(RxWiki News) Created by a United Nations resolution in 2008, World Sickle Cell Day was created to increase awareness of the genetic disease called sickle cell anemia.
With sickle cell disease, a person's red blood cells form a crescent shape like a sliver of a moon instead of a round full moon shape.
It occurs in people who inherit the trait from both their parents, and it predominantly affects African-American men. World Sickle Cell day is therefore focused especially on countries in Africa and Asia, but over 80,000 people in the US have sickle cell disease as well.
"Sickle cell disease can be managed - ask your doctor."
The cause of the sickle-shaped cells is an abnormal form of hemoglobin, the protein that carries oxygen throughout the body inside the red blood cells. Those with sickle cell have a form called hemoglobin S.
With a narrower shape than normal, the red blood cells cannot carry as much oxygen throughout the body and are more fragile, sometimes getting stuck in blood vessels or breaking apart.
The person with sickle cell disease therefore does not have enough oxygen being carried throughout the body and can experience fatigue, a rapid heart rate, shortness of breath and a yellowing of the eyes and skin.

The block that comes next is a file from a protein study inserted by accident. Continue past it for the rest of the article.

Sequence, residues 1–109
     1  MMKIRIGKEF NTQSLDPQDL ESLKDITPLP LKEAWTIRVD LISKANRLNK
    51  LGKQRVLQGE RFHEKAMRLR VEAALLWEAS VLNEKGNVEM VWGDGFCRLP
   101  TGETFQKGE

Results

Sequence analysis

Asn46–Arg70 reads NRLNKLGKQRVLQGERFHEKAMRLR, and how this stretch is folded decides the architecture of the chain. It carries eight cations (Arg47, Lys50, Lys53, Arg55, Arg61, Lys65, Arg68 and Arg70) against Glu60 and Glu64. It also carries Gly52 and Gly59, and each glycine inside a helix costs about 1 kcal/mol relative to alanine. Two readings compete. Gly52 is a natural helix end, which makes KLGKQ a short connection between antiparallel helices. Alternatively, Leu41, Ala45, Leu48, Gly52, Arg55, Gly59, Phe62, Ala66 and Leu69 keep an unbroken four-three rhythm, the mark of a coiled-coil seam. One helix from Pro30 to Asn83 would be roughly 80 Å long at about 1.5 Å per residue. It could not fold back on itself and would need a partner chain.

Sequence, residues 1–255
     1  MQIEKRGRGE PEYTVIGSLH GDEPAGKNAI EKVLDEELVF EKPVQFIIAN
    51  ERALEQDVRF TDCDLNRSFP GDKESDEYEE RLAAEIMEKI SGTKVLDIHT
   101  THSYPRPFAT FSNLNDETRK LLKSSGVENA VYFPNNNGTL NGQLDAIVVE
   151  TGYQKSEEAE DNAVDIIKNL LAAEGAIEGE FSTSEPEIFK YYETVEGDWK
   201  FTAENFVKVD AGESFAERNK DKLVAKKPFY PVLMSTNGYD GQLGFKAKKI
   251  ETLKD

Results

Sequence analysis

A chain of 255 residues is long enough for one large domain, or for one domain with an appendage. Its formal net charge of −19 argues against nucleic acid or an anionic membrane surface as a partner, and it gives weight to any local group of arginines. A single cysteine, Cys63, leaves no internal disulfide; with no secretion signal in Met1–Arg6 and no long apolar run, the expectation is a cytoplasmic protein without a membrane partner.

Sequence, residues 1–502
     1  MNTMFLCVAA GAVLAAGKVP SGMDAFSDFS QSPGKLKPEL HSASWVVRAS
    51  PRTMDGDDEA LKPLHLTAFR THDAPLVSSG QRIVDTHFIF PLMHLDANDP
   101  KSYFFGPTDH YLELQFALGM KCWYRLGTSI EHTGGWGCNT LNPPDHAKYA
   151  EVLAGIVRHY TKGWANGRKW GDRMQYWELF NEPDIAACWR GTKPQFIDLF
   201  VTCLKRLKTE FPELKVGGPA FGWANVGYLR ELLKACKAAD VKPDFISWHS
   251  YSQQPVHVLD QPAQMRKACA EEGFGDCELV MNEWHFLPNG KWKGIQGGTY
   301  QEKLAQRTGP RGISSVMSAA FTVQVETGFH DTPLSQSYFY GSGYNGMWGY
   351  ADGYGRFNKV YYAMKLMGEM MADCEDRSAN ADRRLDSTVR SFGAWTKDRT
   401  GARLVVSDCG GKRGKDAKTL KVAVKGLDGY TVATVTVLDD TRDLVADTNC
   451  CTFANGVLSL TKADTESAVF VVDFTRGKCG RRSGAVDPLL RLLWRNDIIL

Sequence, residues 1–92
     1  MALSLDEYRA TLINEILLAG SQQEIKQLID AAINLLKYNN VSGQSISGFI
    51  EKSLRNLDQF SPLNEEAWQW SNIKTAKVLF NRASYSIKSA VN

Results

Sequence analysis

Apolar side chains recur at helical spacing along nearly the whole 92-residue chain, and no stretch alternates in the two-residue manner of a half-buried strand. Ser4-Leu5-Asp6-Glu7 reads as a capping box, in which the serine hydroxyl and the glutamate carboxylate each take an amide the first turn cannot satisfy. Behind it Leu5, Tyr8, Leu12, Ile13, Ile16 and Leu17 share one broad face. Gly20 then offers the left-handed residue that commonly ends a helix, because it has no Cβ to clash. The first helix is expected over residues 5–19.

A sickle cell episode can cause a patient to appear pale and experience confusion, ulcers on the legs, poor eyesight or a painful and prolonged erection. They may require frequent blood transfusions and eventually their spleen may fail, which can cause infections in the bones, gallbladder, lungs or urinary tract.
There is no cure for the disease, so it simply needs to be managed through blood transfusions, pain medications and drinking plenty of fluids, as well as taking folic acid supplements to continuously build new red blood cells.
Because of the physical and psychological pain and stress of the disease, those with sickle cell anemia are encouraged to join support groups, and their family members can join support groups for caregivers.
Although sickle cell patients once had far shorter life spans - living only until their 30s and 40s, most patients now live well into their 50s and beyond because of improved understanding of the disease and better management of it.
The disease is sometimes inappropriately stigmatized, and one of the goals of World Sickle Cell Day is to educate people about the public health concerns surrounding the disease and end the prejudices associated with it.
Another aim of the awareness day is to promote "satisfactory access to medical services to people affected with sickle cell disease," according to the UN's resolution, as well as promoting research to improve the lives of people living with the disease.
Like any chronic illness, living with sickle cell disease presented challenges and can be painful and stressful. However, managing the disease with regular treatment and communication with your doctor, as well as receiving mental health support, can help those with the condition live long, full lives.
Many people with the disease have led fulfilling lives, including jazz musician Miles Davis, rapper Prodigy, actor Larenz Tate, football player Tiki Barber and singer "T-Boz" of the group TLC.